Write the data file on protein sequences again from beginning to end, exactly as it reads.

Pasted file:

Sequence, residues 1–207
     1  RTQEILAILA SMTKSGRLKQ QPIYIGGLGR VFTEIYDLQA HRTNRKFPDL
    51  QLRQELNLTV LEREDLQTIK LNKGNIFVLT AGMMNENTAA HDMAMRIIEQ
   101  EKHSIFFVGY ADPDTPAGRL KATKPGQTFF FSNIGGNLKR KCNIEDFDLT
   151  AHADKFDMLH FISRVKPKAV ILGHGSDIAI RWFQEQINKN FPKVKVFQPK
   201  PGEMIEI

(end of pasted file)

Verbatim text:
Sequence, residues 1–207
     1  RTQEILAILA SMTKSGRLKQ QPIYIGGLGR VFTEIYDLQA HRTNRKFPDL
    51  QLRQELNLTV LEREDLQTIK LNKGNIFVLT AGMMNENTAA HDMAMRIIEQ
   101  EKHSIFFVGY ADPDTPAGRL KATKPGQTFF FSNIGGNLKR KCNIEDFDLT
   151  AHADKFDMLH FISRVKPKAV ILGHGSDIAI RWFQEQINKN FPKVKVFQPK
   201  PGEMIEI